December 19, 2012 | 4:04 pm
What part of "You're holding all the cards" don't the Democrats understand?
President Obama has the GOP over a barrel on taxes. Don't believe me; ask Grover Norquist, who just cried "Uncle!" His group, Americans for Tax Reform, now says (with more accommodation than logic) that it "will not consider" raising tax rates on income above $1 million (House Speaker John Boehner's latest proposal) to be "a violation of the Taxpayer Protection Pledge." If a $1 million threshold doesn't violate Norquist's pledge, then Obama's proposed $250,000 threshold doesn't, either. (Me, I still prefer a $100,000 threshold.) Norquist was never the Washington colossus he was purported to be, but he remains a decent indicator of where the leverage lies.
Meanwhile, Democrats have Republicans over a barrel on the filibuster. They've been planning to change Senate rules at the start of the new Congress to require all filibusters to be the talk-yourself-hoarse kind. The change can be achieved by simple-majority vote. Some people call this the "nuclear option," but the Republicans have abused the filibuster so badly that they've lost whatever right they once had to complain. The New Yorker's Hendrik Hertzberg recently calculated that during the past three years Republicans achieved "very nearly one filibuster for every single goddam day the Senate is in session" [italics and impiety his, though I endorse both]. Meanwhile, I've calculated that during the current Congress the Senate's ratio of cloture votes (roughly speaking, filibusters) to bills passed doubled. This after Majority Leader Harry Reid two years ago extracted (under threat of filibuster reform) a promise from Minority Leader Mitch McConnell to ease up on filibusters. McConnell recently achieved self-parody by filibustering his own bill!
Nice hands to be dealt, right? But there is something in the modern Democrat that abhors the raw exercise of power as a little bit, I don't know, vulgar. Franklin Roosevelt didn't have this handicap. Neither did Lyndon Johnson. But their latter-day successors do.
I thought Obama had been cured of his impulse to over-compromise by the 2011 debt-ceiling showdown. But now Obama has offered to raise the tax-increase threshold from $250,000 to $400,000, which might (depending on the details and according to Citizens for Tax Justice) yield as little as 24 percent of his earlier proposal. Obama has also agreed to "chain" Social Security cost-of-living increases, a benefit cut disguised as a technical fix. Chaining might be a necessary concession as the best of a very bad lot of spending-cut ideas—it's certainly better than raising the age for Medicare eligibility—but playing this card when there are two whole weeks left before the fiscal-cliff deadline (which we'd in any case be better off not meeting, because it isn't a cliff, it's a slope, etc., etc.) is just bad poker.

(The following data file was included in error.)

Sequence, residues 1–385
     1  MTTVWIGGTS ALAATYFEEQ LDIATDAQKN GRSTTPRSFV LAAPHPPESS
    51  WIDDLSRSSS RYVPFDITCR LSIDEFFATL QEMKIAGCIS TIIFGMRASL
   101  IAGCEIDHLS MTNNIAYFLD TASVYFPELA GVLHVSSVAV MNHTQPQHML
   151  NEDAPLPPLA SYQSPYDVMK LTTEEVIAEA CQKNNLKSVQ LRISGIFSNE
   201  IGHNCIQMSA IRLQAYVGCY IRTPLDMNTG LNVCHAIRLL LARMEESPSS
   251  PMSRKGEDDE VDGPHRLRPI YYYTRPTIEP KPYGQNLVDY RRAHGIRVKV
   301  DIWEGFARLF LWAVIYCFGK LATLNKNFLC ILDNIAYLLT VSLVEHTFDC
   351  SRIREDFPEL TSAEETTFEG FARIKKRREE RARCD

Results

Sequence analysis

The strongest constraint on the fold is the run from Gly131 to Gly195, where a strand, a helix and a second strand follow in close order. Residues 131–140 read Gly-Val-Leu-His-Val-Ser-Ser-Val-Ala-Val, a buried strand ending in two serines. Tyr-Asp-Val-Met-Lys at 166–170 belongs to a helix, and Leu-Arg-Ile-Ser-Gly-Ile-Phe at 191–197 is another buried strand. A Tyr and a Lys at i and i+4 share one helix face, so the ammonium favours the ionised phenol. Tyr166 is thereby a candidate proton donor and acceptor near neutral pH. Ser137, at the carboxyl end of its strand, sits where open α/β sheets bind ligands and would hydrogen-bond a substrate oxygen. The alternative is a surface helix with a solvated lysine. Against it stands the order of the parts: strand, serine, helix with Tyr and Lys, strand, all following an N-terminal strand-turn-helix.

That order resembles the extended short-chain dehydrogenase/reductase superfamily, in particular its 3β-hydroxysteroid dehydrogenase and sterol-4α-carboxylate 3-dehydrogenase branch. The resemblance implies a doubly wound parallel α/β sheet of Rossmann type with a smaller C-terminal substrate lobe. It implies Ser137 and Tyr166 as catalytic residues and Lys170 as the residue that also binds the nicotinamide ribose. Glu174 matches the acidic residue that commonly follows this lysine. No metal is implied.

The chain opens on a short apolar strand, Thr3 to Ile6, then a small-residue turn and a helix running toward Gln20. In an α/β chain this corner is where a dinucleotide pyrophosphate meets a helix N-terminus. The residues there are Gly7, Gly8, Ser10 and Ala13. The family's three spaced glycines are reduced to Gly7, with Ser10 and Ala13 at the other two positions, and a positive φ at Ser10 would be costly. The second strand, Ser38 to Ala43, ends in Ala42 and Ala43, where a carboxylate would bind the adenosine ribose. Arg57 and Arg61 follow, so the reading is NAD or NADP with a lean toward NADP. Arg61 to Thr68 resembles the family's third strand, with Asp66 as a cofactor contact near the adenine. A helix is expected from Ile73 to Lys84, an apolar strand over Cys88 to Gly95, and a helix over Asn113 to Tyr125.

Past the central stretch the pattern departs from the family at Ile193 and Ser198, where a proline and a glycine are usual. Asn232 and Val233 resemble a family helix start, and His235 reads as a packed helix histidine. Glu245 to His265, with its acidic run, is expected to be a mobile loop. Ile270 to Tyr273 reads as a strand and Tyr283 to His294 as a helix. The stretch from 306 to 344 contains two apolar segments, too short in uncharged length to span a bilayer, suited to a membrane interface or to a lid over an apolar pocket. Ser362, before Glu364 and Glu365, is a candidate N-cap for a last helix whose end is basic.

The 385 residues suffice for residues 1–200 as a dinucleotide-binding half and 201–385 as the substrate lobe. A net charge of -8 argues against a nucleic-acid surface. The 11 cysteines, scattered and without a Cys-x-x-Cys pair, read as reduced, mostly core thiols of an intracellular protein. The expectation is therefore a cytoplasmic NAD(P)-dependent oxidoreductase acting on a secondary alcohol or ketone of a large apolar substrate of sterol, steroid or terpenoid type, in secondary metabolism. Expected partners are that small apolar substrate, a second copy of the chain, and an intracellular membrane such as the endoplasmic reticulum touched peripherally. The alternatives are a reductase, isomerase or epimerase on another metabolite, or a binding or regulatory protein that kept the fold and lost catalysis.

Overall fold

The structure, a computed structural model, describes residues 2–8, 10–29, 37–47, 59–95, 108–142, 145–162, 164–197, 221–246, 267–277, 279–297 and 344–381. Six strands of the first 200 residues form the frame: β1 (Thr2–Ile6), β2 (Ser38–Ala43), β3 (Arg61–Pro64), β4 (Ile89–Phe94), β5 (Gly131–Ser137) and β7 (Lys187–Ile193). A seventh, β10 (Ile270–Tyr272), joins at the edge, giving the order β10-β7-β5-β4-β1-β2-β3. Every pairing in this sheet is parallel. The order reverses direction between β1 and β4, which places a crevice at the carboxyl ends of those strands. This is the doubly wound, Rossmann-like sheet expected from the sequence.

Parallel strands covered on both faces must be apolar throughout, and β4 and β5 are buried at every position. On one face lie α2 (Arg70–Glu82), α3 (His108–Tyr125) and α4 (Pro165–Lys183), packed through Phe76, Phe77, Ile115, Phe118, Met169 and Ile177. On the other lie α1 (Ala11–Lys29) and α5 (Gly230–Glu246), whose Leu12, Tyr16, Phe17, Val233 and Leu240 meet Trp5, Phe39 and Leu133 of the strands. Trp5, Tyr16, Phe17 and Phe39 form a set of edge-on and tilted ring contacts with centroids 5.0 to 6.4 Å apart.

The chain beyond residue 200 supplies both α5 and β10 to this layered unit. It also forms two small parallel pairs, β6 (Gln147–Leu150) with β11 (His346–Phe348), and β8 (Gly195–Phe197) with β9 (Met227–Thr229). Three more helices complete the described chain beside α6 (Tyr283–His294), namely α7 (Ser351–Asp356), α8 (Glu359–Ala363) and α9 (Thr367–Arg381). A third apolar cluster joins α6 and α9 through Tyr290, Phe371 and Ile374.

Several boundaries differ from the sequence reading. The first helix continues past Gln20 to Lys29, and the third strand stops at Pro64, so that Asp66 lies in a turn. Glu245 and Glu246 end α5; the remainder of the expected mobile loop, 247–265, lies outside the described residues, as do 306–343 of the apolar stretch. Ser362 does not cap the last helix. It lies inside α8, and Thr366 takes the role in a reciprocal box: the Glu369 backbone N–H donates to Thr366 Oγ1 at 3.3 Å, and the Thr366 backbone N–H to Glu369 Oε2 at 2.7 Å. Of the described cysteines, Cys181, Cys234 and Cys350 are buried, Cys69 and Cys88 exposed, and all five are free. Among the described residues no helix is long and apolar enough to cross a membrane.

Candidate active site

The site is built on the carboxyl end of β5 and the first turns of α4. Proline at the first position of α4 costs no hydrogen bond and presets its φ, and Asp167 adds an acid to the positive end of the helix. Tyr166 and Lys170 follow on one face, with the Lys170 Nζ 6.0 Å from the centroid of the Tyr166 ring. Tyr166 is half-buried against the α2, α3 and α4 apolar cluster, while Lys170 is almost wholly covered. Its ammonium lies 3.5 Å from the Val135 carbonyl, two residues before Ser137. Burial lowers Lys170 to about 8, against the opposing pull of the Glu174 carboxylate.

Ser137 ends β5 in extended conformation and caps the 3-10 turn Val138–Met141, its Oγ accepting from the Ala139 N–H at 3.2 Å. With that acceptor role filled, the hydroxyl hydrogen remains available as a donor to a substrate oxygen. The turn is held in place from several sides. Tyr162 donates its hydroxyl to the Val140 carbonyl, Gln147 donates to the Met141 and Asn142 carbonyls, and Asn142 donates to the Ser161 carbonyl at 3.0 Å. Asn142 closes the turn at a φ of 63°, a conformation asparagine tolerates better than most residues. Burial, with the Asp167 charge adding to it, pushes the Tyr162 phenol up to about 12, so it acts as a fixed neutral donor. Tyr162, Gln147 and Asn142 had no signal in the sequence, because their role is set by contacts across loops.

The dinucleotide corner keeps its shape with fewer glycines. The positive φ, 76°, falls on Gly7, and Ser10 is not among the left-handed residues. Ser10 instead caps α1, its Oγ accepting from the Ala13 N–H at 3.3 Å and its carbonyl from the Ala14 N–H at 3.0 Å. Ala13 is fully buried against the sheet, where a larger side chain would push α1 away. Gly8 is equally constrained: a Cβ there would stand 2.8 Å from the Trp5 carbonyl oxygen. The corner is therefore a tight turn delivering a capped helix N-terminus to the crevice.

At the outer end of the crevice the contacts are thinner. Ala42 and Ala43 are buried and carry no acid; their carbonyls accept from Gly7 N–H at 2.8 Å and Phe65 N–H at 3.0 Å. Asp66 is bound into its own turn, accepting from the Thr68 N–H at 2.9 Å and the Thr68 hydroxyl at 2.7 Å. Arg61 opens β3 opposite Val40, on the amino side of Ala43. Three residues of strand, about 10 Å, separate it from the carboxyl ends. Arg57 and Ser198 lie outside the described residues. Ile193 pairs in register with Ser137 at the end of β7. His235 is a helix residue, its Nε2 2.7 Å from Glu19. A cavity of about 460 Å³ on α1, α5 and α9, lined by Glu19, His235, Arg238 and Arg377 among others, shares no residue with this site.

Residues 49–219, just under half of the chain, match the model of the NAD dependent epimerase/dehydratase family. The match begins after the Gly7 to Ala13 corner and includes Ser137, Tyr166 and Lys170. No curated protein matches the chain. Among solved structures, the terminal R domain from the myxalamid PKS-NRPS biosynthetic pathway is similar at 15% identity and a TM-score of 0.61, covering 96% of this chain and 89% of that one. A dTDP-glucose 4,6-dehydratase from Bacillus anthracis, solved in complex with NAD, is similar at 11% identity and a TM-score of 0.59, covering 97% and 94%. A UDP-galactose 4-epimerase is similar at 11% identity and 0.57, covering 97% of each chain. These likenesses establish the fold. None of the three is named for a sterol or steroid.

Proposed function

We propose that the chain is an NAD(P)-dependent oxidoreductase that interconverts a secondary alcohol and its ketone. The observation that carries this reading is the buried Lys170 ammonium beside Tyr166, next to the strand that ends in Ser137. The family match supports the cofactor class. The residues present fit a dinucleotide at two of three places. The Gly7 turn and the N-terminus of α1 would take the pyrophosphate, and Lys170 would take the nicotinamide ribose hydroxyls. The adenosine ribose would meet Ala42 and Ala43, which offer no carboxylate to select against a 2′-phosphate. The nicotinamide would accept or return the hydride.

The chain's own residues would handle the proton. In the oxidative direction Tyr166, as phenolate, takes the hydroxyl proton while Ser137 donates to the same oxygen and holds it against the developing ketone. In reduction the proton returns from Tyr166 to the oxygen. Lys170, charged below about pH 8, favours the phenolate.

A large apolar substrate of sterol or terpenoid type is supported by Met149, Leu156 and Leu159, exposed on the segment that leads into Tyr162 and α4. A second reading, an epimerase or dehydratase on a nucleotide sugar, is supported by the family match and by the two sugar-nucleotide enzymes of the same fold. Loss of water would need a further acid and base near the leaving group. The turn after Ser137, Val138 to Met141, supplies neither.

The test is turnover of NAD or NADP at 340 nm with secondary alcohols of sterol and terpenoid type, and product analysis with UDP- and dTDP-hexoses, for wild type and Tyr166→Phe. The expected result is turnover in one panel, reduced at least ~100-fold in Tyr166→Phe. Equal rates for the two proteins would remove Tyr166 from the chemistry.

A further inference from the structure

Meanwhile, over on Capitol Hill, the Huffington Post reports that Sen. Carl Levin is on the verge of persuading his fellow Democrats to drop the talking requirement for the filibuster (even though they've got enough votes, even with Sen. Dan Inouye's death, to pass it). Instead, the Democrats would favor an almost entirely cosmetic change eliminating filibusters on certain procedural votes (which is all Reid really wanted anyway). Levin argues that the majority can force filibustering senators to do the Mr. Smith routine under current rules. But to do so the Senate needs to keep 51 senators on the floor, and that would be difficult if not impossible to achieve.
TNR's Noam Scheiber argued pretty forcefully the other day that the Democrats won't achieve much of anything during the next four years unless Republican extremism is broken. I agree. I don't want Obama to offer a $400,000 threshold. I want him to make the Republicans beg, "Pretty please, sir, may we have a $250,000 threshold?" I don't want to see Senate Democrats compromise with Republicans on the filibuster. They tried that two years ago and we saw where it led. I want the Democrats to get rid of the silent filibuster for good, so that if a Republican wants to filibuster a debt-ceiling increase, he'll have to yak and yak and yak until he wets his pants on the Senate floor. These Republicans need a schoolin', and I wish to God Obama and his fellow Democrats had more appetite for giving it.
And, oh, Democrats? When a gun-control bill comes to the floor (and it's looking like last week's ghastly Newtown child-massacre might actually result in one), don't be too quick to negotiate with the newly chastened Wayne LaPierre of the National Rifle Association. Lives may depend on learning to stand your ground.
The New Republic: Are Democrats Reverting to Wimps?